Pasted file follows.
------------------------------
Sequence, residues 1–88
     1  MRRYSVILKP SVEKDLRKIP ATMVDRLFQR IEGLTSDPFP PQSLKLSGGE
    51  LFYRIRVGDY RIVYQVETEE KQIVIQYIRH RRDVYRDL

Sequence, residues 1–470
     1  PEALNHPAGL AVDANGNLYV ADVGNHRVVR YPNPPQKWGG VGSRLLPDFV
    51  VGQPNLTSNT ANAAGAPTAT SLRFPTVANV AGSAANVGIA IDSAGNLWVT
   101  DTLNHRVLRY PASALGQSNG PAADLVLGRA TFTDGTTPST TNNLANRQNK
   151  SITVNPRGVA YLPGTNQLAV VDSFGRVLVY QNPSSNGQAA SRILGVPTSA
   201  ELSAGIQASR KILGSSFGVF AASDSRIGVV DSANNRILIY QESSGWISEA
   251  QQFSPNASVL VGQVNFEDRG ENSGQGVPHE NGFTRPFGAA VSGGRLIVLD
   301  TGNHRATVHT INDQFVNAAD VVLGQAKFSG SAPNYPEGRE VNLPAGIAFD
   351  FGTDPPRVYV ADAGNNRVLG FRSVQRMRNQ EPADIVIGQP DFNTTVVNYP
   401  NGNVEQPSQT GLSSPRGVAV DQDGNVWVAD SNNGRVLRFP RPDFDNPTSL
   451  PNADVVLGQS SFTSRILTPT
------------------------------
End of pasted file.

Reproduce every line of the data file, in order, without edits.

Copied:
Sequence, residues 1–88
     1  MRRYSVILKP SVEKDLRKIP ATMVDRLFQR IEGLTSDPFP PQSLKLSGGE
    51  LFYRIRVGDY RIVYQVETEE KQIVIQYIRH RRDVYRDL

Sequence, residues 1–470
     1  PEALNHPAGL AVDANGNLYV ADVGNHRVVR YPNPPQKWGG VGSRLLPDFV
    51  VGQPNLTSNT ANAAGAPTAT SLRFPTVANV AGSAANVGIA IDSAGNLWVT
   101  DTLNHRVLRY PASALGQSNG PAADLVLGRA TFTDGTTPST TNNLANRQNK
   151  SITVNPRGVA YLPGTNQLAV VDSFGRVLVY QNPSSNGQAA SRILGVPTSA
   201  ELSAGIQASR KILGSSFGVF AASDSRIGVV DSANNRILIY QESSGWISEA
   251  QQFSPNASVL VGQVNFEDRG ENSGQGVPHE NGFTRPFGAA VSGGRLIVLD
   301  TGNHRATVHT INDQFVNAAD VVLGQAKFSG SAPNYPEGRE VNLPAGIAFD
   351  FGTDPPRVYV ADAGNNRVLG FRSVQRMRNQ EPADIVIGQP DFNTTVVNYP
   401  NGNVEQPSQT GLSSPRGVAV DQDGNVWVAD SNNGRVLRFP RPDFDNPTSL
   451  PNADVVLGQS SFTSRILTPT